Estonian Blue Tea

The tea in my cup was bright blue. The friend who gave me a herbal mixture for what she called “Estonian Blue Lagoon Tea” promised lots of color, but I still didn’t expect a shade of aquamarine. The taste was refreshing and minty, perfect as both a cooling summer drink and a morning pick me up. I wondered what the famous devotee of herbal teas, Agatha Christie’s Hercule Poirot, would make of it. What was this mysterious blue herb?

blue-mallow-tea

Poirot’s detective skills weren’t needed to discover that Estonian tea, or more properly tisane, since it contains no true tea leaves, is made of blue mallow or hollyhock. It’s the same plant that the Roman scholar Pliny recommended for so many ailments that it became known as an omnimorbia, or cure-all, while the feisty Japanese lady-in-waiting Sei Shonagon found its beautiful flowers most unsuitable if worn in frizzled hair. All of this only added to the appeal of my Estonian discovery, which I loved as much for its gorgeous color as its soft floral taste.

During my visit to Estonia, I stocked up on several packages of Blue Lagoon tea made by a local company, Põhjala Teetalu, but upon my return to Brussels, I found blue mallow, malva sylvestris, at most organic food shops and herboristeries.  A quick Google search turned up a number of US sites offering this herb such as my all time favorite Mountain Rose Herbs. As in Roman times, mallow remains a popular herb for tisanes and herbal blends. If you want a vivid hue, look for blue mallow specifically.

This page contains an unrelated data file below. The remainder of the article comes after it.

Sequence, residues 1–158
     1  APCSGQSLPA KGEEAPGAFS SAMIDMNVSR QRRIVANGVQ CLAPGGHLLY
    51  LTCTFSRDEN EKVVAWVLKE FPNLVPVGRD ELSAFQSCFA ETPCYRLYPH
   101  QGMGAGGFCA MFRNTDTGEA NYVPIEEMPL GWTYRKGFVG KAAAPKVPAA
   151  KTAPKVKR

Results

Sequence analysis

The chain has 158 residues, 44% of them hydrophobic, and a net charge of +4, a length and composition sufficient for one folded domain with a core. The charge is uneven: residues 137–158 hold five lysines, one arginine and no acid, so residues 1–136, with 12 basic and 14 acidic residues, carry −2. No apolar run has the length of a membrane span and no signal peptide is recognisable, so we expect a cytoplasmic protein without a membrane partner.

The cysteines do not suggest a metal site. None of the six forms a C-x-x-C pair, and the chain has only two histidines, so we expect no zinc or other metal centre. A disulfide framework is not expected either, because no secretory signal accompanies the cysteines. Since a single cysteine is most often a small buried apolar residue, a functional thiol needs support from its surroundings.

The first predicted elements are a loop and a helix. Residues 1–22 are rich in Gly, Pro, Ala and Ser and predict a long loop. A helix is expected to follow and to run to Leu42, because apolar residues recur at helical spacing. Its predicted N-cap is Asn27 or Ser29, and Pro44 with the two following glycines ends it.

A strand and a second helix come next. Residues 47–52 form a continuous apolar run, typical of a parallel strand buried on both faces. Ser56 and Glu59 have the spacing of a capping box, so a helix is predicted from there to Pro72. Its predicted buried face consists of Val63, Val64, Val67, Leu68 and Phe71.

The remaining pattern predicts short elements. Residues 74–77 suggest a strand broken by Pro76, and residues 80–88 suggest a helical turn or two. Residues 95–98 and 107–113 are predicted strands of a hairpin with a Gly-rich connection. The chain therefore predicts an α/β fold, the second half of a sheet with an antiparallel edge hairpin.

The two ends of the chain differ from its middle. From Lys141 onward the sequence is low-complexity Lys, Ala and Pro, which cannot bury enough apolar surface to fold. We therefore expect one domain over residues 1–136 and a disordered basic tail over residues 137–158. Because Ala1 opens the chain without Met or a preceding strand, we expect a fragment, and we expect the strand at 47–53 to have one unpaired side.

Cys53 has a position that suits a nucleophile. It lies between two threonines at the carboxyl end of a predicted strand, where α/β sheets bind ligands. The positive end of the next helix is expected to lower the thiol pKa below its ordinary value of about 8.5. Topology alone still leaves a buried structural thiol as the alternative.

blue mallow

The flavor of mallow is delicate and floral, and Põhjala Teetalu added a generous dose of mint to give their tisane a bright, crisp taste.  When I replicated the recipe, I settled on a proportion of 1 cup of dried blue mallow to 1/4 cup of dried mint. Use about 2 teaspoons of herbal mixture for every 2 cups (500 ml) of water. Crumble the petals into hot water. Infuse the herbal mixture in hot water at 90°c (194°F) to 95°c (203°F) for 2 to 4 minutes. You can add more blue mallow for a richer blue shade.

If you would like to give your Estonian Lagoon tea a Moroccan flavor, add 1 teaspoon of orange blossom water. If you prefer your lagoon to be pink colored, squeeze a few drops of lemon juice and watch the blue change into fuchsia. The mixture can be brewed two or three times–increase steeping time for additional infusions, but the color won’t be as saturated.

blue-morningblue mallow tea1

I usually avoid caffeinated tea and coffee in the evening, but I love to curl up with a book and a cup of something warm and fragrant after dinner. Which is why I follow Poirot’s example with tisanes.  I haven’t ascertained if they indeed improve the functioning of my grey cells, but they taste wonderful, and this is all that matters. So do excuse me as I take a break for “my tisane, if you please.”

Extra: a selection of my other favorite Tisane Recipes

Photography by Bois de Jasmin

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78 Comments

  • Sandra: I love tea!